Injuries to the head are very frequent as a result of traffic accidents, assaults, and falls. If the brain is affected, the injury is serious. Traumatic brain injuries can be classified according to the effect of trauma in two categories: acceleration/deceleration injuries and impact injuries.
Diffuse Neuronal Injuries: This is a result of sudden acceleration/deceleration movement of the head and is characterized by diffuse neuronal damage involving the brain stem and brain cells. There are a widespread intracellular disturbance and conduction defects at synaptic junctions.
Diffuse Axonal Injuries: This is encountered in those situations where rotational strains produced during impact to the head damage the blood vessels and axons. There is stretching of the axons due to head motion and therefore loss of functions. They occur in severe head injury and due to repeated jolts as in boxing.
Subdural Hematoma: This is a collection of the blood in the subdural space and is more common in assaults and fall.
Cerebral Concussion: Also called stunning, followed by head injuries is characterized by gross physiological disturbances of brain function due to diffuse neuronal injury but with little or no naked eye lesion or anatomical changes. There is a sudden loss of consciousness but the tendency to spontaneous recovery is possible. Concussion severity depends on physical stress to neurons or repeated blows so it may wholly or partially be reversible or may prove fatal. Recovery from a concussion is sometimes followed by retrograde amnesia which is a condition in which patient losses past memory.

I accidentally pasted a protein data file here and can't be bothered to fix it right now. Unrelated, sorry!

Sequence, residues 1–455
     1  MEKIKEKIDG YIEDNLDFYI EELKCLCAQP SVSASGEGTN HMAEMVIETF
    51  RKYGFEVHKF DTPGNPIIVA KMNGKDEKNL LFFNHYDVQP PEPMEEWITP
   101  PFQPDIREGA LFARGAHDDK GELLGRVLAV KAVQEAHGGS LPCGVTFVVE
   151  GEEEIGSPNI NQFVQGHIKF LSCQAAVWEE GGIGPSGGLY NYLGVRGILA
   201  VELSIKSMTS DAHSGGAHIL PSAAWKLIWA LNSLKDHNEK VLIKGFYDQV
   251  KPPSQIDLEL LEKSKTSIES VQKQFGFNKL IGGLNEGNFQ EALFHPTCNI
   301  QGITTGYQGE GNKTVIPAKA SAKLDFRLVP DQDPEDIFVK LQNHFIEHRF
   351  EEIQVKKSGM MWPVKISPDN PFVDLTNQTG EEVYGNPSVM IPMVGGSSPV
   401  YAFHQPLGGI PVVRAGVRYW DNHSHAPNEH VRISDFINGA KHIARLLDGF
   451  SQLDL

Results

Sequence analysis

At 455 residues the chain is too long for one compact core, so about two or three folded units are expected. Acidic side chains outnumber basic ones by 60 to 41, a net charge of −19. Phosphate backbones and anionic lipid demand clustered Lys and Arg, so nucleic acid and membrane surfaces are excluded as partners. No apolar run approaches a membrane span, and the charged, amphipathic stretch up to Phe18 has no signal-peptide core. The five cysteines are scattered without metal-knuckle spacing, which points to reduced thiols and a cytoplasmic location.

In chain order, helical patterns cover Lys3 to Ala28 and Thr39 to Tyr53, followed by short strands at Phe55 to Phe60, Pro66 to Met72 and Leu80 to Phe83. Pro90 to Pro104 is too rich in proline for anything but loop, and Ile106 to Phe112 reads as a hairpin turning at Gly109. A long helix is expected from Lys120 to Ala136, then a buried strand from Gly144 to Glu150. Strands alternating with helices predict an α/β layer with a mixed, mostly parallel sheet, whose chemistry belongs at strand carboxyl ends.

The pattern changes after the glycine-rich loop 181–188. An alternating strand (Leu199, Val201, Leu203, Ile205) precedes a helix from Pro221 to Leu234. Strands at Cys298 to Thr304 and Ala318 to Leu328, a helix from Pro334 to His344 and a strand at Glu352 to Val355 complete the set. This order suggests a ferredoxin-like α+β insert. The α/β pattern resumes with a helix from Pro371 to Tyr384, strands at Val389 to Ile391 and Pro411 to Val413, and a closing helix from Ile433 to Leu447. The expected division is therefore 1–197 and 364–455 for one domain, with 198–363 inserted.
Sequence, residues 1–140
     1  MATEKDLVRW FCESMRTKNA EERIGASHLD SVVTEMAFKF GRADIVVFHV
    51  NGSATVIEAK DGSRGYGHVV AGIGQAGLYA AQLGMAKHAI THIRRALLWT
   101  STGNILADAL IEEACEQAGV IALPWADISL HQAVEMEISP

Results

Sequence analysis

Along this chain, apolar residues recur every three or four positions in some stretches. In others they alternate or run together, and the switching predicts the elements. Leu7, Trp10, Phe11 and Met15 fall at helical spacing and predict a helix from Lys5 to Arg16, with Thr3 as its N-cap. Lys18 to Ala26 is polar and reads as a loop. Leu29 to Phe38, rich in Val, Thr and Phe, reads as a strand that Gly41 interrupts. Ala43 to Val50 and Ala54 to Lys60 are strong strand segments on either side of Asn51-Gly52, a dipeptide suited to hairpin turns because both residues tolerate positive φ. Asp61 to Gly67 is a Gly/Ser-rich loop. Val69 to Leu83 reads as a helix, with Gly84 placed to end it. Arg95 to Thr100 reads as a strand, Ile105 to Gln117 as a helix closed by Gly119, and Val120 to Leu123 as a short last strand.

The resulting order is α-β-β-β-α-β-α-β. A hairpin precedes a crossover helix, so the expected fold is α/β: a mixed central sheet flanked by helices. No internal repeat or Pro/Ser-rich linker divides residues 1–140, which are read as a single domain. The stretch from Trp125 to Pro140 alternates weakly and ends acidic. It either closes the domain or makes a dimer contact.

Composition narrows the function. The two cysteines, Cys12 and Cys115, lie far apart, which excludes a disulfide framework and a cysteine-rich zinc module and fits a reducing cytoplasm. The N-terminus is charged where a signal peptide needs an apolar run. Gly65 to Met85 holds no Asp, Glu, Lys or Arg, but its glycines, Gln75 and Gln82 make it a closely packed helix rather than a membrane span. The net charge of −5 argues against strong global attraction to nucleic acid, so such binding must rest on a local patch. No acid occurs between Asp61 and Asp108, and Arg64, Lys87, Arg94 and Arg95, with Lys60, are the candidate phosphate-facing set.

Cerebral Contusions: These result from leakage of blood from traumatically ruptured blood vessels and are most commonly found in the frontal and temporal region of the brain. There is small punctate or streak like hemorrhages and associated destruction of brain cells and tissues with or without edema and are mostly associated with a skull fracture.
Cerebral Laceration: It is one of the most common causes of raised intracranial pressure and may also be related to diffuse neuronal injury and concussion. Damage brain cells result in leakage and accumulation of fluid within the brain.
- Epidural Hemorrhage: It means bleeding between the dura and skull and is almost invariably traumatic. It is associated with skull fracture also but except in infants and women in which dura is strongly attached to the inner surface of the skull. Symptoms are slow in onset.
- Subdural hemorrhages: Subdural hemorrhage occurs between the dura and arachnoid surfaces and may be due to tearing of cortical vein or damage to dural sinuses. It may be acute, subacute and chronic.
- Subarachnoid Hemorrhages: This is bleeding within the subarachnoid space. Although it is common with a natural disease than trauma, the most frequent traumatic causes are an explosive blast, asphyxia by strangulation or traumatic asphyxia, prolong hyperextension of head or damage to vertebral arteries.
- Intracerebral hemorrhage: It is though non-traumatic brain injury but physical exertion or emotional excitement may precipitates. It may be the result of laceration and is common in old age.